Quantcast

Chatham Business Association and South Shore Chamber Collaborate to Certify Minority Businesses

Lee Edwards | 11/20/2014, 12:49 p.m.
In an effort to assist businesses owned and operated by minorities business enterprises (MBE), women business enterprises (WBE), and disabled ...
L-R Teyonda Wertz, executive director, South Shore Chamber, Inc. and Melinda Kelly, executive director, Chatham Business Association. Photo by Lee Edwards

In an effort to assist businesses owned and operated by minorities business enterprises (MBE), women business enterprises (WBE), and disabled individual business enterprises (DBE), the Chatham Business Association (CBA) and the South Shore Chamber, Inc. (SSCI) joined forces hosting a free MBE,WBE and DBE certification workshop on Nov. 5, at the SSCI’s office, 1750 E. 71st.

The workshop was a part of a series of workshops sponsored by the City of Chicago’s Department of Procurement Services (DPS). Previous workshops were held throughout the month of October with a total of 36 businesses participating. SSCI and CBA sent e-blasts to local businesses and relied on word-of-mouth and social media to advertise the sessions.

The City of Chicago defines MBE/WBE/DBE's as small local business enterprise with is at least 51% owned by one or more economically disadvantaged minority persons, or, in the case of a publicly held corporation, at least 51% of all classes of the stock of which is owned by one or more economically disadvantaged minority persons, whose management, policies, more decisions and daily business operations are independently managed and controlled by one or more economically disadvantaged minority persons.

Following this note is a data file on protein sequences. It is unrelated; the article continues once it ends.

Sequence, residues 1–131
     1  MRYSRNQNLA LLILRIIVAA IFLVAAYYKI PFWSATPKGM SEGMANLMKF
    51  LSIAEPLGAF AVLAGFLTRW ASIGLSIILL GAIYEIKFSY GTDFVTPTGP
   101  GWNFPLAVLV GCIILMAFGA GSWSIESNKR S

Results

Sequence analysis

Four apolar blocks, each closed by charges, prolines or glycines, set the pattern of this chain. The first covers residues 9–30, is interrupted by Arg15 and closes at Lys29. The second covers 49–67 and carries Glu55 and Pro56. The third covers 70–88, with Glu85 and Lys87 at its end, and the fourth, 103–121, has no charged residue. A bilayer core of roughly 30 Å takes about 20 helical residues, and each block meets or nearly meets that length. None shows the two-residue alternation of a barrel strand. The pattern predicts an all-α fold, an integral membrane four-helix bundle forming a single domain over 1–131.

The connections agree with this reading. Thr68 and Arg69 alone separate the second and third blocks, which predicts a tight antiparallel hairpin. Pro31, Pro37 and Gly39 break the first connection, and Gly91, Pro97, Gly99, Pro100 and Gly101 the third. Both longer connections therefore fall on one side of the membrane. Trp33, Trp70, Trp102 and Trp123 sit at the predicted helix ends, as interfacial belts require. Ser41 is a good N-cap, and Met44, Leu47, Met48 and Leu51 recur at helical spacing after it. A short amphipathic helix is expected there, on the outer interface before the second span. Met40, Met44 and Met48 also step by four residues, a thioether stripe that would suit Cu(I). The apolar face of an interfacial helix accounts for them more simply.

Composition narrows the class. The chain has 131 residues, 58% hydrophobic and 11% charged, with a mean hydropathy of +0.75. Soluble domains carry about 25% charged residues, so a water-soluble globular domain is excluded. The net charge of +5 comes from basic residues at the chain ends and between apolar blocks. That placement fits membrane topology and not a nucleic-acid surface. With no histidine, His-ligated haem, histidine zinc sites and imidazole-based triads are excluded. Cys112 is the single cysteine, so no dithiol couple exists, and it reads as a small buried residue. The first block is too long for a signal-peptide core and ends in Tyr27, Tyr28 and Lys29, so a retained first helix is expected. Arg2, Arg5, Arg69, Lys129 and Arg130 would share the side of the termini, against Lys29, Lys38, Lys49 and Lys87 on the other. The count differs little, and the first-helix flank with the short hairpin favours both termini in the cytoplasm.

The City of Chicago’s Director of Public Affairs, Cathy Kwiatkowski, stated in a conversation with the Chicago Citizen Newspaper that one of the key objectives of the City was to increase the diversity pool of businesses that bid on City contracts. To ensure that businesses are truly M/W/DBEs, Kwiatkowski said that field analysts are deployed to conduct field tests that monitor, verify, and document compliance with MBE/WBE/DBE, City residency, local hiring, and EEO requirements.

“The purpose of this program is to increase the MBE pool so we can increase the participation in the public and private sector,” said Melinda Kelly, executive director, Chatham Business Association. “One of the biggest components of that is making sure that businesses successfully get MBE certified. When you are certified it is a marketing tool that allows you to leverage that certification to bigger businesses that are vying to do bigger deals.”

Teyonda Wetz, executive director, SSCI, stated, “We collaborated so we can identify contracts and vendors who participate in the process of seeking city services,” said Wertz. “There are large resting procurement opportunities that no one ever applies for and if they’re certified they have a better ability to access them.

During the workshop, Wertz and Kelly explained step-by-step to business owners, how to fill out the City of Chicago’s Affidavit/Certification packet. The duo described the certification packet as “challenging” and expressed how attention to detail when filling out the forms is imperative.

According to Kwiatkowski, as of Jan. 2013, once certified with the City of Chicago, Cook County will then also recognize a business's MBE/WBE/DBE certification which eliminates the need to file two separate applications.

For more information visit http://www.cityofchicago.org/city/en/depts/dps.html.